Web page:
WASHINGTON (Reuters) - A U.S. appeals court on Friday handed a victory to new competitors in the subscription television business like Verizon Communications Inc (VZ.N) and AT&T Inc (T.N), upholding new federal rules designed to ease their entry into local communities.
The U.S. Court of Appeals for the Sixth Circuit in Cincinnati turned down a petition by cable operators and municipal officials seeking to overturn the new regulations adopted by the FCC in December.
A three-judge panel of the court concluded that the FCC acted reasonably and was within its authority when it adopted the new rules, which set time limits for local authorities to act on applications by new television providers.
AT&T and Verizon had complained that under previous rules the process to get licenses from local authorities was too cumbersome and time-consuming.
Under the new rules, local jurisdictions have 90 days to act on applications by new television providers that already have access to city land to run connections and 180 days for new entrants to cities and towns. They also bar local officials from imposing requirements on new entrants, such as building a local swimming pool, that the FCC said are unreasonable.
In the opinion released on Friday, the appeals court judges rejected arguments by local officials and the trade association representing cable operators such as Comcast Corp (CMCSA.O) and Time Warner Cable TWC.N. They argued the FCC had overstepped its authority.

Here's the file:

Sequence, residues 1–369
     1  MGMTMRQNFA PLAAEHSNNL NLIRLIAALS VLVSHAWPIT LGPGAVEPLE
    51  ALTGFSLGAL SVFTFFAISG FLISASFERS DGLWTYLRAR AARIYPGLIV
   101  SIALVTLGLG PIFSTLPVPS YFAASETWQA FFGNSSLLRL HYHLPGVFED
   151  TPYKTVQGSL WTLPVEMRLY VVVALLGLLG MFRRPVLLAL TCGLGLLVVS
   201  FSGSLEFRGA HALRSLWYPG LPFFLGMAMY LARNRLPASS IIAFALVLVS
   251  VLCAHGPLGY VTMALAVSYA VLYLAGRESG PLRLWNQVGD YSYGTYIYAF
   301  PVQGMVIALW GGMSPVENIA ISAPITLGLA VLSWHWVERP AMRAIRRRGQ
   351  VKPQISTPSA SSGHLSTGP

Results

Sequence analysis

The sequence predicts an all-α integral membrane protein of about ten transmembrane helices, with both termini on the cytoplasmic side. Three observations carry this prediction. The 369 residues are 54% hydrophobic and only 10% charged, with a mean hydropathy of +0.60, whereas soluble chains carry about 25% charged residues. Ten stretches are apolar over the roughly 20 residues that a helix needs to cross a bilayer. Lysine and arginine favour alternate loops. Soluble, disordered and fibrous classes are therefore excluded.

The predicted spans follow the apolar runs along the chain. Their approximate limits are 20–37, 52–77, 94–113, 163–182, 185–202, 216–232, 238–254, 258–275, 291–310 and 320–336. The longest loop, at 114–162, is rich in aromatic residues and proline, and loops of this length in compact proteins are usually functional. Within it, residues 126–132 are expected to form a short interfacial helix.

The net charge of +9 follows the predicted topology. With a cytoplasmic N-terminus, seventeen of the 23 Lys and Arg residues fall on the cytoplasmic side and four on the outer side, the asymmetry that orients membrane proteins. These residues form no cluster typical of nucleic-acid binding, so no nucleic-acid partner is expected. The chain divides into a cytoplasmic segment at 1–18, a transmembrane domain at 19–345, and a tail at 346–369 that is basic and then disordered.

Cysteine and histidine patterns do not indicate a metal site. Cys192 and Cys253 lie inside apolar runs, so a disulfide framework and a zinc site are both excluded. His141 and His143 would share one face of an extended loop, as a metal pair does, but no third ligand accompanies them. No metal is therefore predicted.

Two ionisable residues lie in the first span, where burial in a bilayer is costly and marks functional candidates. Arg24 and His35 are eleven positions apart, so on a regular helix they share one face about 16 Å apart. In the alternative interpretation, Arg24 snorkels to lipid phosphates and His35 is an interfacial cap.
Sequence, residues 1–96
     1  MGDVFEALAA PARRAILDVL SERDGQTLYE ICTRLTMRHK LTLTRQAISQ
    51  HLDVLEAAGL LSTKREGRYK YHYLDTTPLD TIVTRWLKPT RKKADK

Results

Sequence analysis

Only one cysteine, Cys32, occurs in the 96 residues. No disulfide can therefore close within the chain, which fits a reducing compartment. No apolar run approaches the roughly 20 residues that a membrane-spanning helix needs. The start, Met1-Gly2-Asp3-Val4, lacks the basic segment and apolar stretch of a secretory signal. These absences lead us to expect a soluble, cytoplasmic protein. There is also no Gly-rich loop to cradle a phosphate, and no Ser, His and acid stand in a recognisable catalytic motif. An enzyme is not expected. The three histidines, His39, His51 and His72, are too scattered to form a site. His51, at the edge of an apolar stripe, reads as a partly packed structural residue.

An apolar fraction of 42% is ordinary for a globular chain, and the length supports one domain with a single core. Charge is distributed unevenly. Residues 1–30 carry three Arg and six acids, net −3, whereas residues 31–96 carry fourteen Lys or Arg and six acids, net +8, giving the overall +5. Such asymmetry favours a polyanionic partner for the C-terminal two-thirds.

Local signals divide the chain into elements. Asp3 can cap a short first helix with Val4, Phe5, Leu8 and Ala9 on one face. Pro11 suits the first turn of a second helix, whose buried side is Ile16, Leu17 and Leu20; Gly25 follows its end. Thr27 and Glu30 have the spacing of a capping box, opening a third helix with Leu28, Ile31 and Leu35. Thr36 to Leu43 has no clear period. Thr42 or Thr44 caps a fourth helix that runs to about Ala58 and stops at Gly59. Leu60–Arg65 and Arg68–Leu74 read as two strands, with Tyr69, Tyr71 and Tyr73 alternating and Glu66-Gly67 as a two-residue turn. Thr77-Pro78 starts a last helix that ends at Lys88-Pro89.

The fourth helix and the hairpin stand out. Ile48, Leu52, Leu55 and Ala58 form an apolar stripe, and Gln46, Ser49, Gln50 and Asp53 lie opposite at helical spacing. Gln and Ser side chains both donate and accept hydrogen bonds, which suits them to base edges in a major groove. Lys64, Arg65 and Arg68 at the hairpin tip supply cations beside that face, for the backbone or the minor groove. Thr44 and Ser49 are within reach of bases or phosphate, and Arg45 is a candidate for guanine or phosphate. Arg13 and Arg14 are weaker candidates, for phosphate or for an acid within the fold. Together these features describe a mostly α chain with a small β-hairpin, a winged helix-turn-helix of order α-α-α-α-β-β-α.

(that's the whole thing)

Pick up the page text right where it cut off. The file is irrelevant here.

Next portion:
The court said there was “ample record evidence supporting the Commission’s finding that the operation of the franchising process had impeded competitive entry in multiple ways.”
FCC Chairman Kevin Martin praised the decision, saying it would “ensure that new competitors to cable are not subjected to unreasonable delays, build-out requirements and fees when trying to compete with the incumbent cable operators.”
“Consumers need greater choice and more competition to help address the soaring price of cable television,” Martin said.
Verizon and AT&T also lauded the decision. “The FCC decision was pro-consumer and pro-competition and encouraged the deployment of bigger and smarter broadband networks across our nation’s communities. We are heartened that the FCC’s decision was upheld,” AT&T senior vice president Robert Quinn said in a statement.
The decision was met with a muted response from the cable industry. Its trade association, the National Cable & Telecommunications Association, said the new rules had been made more palatable through a measure subsequently adopted by the FCC.
The cable association said the market for video service “is intensely competitive and consumers are enjoying more choice, more services and better value than ever before.”
Editing by Brian Moss, editing by Phil Berlowitz